Partners working to eliminate trachoma in Uganda came together to celebrate World Sight Day in Nakapiripirit District in Northern Uganda. The theme was ‘Stronger Together’ and this event was a celebration of some of the milestones reached by the partnership.
Commemorating the World Sight Day in Karamoja Region
Various development partners working through the Queen Elizabeth Jubilee Trust under the Trachoma Initiative in Uganda joined hands on 13th October to celebrate World Sight Day at Nakapiripirit District in Northern Uganda.
This year’s commemoration was influenced by the partners call to accelerate trachoma interventions in the Karamoja region to ensure that the 2019 goal of eliminating trachoma in Uganda is achieved.
In the spirit of the 2016 World Sight Day theme, ‘Stronger Together’, the event was a celebration of the milestones that have been achieved through the cooperation of state and non-state actors.
Since the inception of the programme three years ago, over 21,000 trachoma trichiasis surgeries have taken place in some of Uganda’s most trachoma endemic areas. Additionally, six endemic districts now have facial cleanliness activities such as behaviour change programmes and health education, as well as environmental improvement activities of which four are in Busoga, Eastern Uganda, and two in Karamoja. Other districts are expected to begin these activities by beginning of 2017
The strength of the partnership with CBM
The trachoma programme is managed through the guidance of the Uganda’s Ministry of Health together with implementing partners drawn from the International Coalition for Trachoma Control (ICTC). These partners include; The Carter Center, Sightsavers, CBM, RTI International, WaterAid, John Hopkins Center for Communication Programmes and Water Missions International alongside other local implementing partners.
CBM has been at the forefront in offering screening and surgical interventions to trachoma patients under the World Health Organization (WHO) led strategy on eliminating Trachoma by 2020, commonly referred to as the ‘SAFE’strategy (Surgery, Mass Drug Administration of Antibiotics, Facial cleanliness and Environmental improvement).
Through the Trust Trachoma Initiative, CBM has over the past 36 months facilitated surgeries for 3,628 people and the training of more than 500 health workers in Trachoma elimination strategies including 17 Trachoma trichiasis (TT) surgeons.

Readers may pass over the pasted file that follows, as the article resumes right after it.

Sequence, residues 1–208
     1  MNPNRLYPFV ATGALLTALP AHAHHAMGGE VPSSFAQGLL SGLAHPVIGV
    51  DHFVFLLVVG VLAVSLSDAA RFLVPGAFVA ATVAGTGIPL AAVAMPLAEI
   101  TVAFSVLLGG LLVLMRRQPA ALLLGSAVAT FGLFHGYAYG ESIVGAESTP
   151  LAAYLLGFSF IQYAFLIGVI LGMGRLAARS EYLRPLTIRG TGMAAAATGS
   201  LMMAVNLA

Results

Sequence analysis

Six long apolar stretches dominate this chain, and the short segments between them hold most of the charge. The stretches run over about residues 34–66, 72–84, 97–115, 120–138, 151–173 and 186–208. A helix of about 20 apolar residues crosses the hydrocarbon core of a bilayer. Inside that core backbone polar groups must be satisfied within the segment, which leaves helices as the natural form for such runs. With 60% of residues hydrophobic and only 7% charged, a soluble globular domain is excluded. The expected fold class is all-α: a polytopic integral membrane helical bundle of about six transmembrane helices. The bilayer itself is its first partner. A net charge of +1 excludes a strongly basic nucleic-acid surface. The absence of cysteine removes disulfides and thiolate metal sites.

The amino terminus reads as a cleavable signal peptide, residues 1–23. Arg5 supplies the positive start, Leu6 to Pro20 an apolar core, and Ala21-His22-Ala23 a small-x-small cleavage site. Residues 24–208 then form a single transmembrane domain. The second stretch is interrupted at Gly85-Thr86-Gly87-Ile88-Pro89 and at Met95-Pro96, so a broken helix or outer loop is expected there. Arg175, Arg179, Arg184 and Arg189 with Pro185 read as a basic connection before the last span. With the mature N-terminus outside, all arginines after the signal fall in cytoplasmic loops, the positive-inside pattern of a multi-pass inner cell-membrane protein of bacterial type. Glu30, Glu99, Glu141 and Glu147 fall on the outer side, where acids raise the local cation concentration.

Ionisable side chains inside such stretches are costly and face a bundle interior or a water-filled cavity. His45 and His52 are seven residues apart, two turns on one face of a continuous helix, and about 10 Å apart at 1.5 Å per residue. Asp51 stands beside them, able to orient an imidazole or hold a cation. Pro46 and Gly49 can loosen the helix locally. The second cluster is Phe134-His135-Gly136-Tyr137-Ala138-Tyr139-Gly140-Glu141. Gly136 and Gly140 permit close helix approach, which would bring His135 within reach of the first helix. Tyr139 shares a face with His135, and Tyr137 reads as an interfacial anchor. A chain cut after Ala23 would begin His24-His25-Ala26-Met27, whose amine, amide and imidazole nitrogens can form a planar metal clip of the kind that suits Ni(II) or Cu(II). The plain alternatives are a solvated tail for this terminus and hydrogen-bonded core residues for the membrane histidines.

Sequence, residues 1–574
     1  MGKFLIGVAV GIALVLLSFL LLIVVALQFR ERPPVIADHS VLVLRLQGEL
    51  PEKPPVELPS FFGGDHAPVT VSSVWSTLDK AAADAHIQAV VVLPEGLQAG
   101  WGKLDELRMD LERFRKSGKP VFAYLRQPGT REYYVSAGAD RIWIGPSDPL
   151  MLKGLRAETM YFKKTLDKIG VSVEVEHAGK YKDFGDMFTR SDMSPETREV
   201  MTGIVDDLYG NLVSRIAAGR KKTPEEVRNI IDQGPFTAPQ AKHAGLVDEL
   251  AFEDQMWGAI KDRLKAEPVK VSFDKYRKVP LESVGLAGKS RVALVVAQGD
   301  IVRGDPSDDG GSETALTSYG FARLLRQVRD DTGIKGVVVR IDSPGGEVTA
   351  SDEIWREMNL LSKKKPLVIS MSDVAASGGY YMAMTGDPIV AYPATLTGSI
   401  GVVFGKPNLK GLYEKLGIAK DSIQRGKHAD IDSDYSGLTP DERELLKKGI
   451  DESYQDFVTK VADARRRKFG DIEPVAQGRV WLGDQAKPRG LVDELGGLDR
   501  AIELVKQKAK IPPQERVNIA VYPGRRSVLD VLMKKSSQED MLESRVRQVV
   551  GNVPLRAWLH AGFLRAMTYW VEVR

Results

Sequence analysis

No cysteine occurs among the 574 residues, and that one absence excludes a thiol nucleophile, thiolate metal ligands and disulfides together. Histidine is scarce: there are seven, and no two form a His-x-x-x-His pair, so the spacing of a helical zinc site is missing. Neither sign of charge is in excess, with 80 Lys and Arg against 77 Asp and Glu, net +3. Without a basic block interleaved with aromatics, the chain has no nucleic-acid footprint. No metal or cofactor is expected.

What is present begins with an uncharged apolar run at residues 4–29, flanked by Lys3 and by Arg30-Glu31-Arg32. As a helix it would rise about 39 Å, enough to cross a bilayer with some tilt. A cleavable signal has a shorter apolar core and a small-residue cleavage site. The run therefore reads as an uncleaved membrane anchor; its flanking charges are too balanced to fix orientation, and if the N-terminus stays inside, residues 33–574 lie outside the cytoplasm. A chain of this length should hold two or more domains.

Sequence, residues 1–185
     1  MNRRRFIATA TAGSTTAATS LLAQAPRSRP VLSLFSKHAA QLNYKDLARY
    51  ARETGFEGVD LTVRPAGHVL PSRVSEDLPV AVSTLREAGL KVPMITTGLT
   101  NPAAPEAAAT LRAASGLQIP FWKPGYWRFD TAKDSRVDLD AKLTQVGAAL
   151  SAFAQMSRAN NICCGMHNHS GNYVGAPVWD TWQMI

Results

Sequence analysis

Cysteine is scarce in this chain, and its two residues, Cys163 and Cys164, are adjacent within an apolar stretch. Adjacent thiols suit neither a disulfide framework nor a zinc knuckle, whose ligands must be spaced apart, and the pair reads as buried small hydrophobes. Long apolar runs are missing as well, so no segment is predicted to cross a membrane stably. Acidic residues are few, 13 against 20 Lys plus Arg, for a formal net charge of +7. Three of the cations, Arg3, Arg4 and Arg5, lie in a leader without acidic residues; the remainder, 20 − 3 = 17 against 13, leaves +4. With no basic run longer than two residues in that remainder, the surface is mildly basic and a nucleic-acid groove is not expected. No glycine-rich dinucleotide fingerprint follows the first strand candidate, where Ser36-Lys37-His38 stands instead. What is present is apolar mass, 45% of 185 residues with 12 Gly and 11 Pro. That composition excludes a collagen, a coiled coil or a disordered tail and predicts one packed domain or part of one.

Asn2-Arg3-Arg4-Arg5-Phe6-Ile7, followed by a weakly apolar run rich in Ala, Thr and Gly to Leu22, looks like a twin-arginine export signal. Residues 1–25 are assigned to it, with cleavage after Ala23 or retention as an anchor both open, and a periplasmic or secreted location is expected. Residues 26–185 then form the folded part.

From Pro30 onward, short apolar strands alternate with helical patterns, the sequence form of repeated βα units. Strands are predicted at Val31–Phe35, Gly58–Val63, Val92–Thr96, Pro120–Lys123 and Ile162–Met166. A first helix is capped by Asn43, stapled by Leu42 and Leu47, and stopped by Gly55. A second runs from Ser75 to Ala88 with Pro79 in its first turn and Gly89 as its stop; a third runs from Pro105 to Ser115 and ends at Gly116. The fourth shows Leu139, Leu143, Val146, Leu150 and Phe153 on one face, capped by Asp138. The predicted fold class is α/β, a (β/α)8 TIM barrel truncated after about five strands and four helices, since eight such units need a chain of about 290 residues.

In his opening remarks, the Nakapiripirit District Health Officer (DHO), Dr. John Anguzu applauded the collective efforts that all the development partners have made to ensure that Trachoma is on the verge of being eliminated in the area. ‘We have seen the spirit and the strength of working together in partnership and I want to commend all the partners who through the guidance of the Ministry of Health, have been able to start this project towards trachoma elimination.’
The same sentiments were echoed by The Queen Elizabeth Diamond Jubilee Trust’s Chief Executive, Dr. Astrid Bonfield, whose speech was read by a representative from the Trust, Ms. Michaela Kelly. “The theme of this year’s World Sight Day is “Stronger Together” which is very fitting for Uganda, where partners have joined forces to eliminate blinding trachoma. By working together with government, eye-health experts, INGOs and communities, we are making great progress towards hitting the World Health Organization’s target to eliminate blinding trachoma once and for all by 2020.”
Facts on Blinding Trachoma in Uganda
Trachoma is the world’s leading infectious cause of blindness, responsible for the visual impairment of about 2.2 million people, of whom 1.2 million are irreversibly blind.
It is estimated that 10 million people live at risk of the disease in Uganda.
Assessments in 36 endemic districts indicate that Uganda is on track to eliminating blinding trachoma as a public health issue, by 2020.
The government’s confidence in the programme
Speaking at the event, The Chief Guest, Hon. John Byabagambi - Minister for Karamoja Affairs, was quick to point out that the programme is a great effort in the right direction.
‘Karamoja has grown and is thriving after many years of insecurity. No one wanted to venture in this area because of that. But today, lots of investments have started streaming into the area through various development organizations. Among these investments are health initiatives such as trachoma elimination in Karamoja,’ he said.
The minister also urged the beneficiaries of the trachoma health interventions to share their experience with the community for greater uptake of the project activities.‘I would like to urge all those who have gone through the TT surgeries to pass the message back home to those who have not come to hospital to help bring to an end blinding trachoma in Karamoja. I believe in the Ibanda saying that ‘the strength that is together, helps to break the bone.’ Thank you for the joint effort to break the ‘bone’ that is Trachoma.’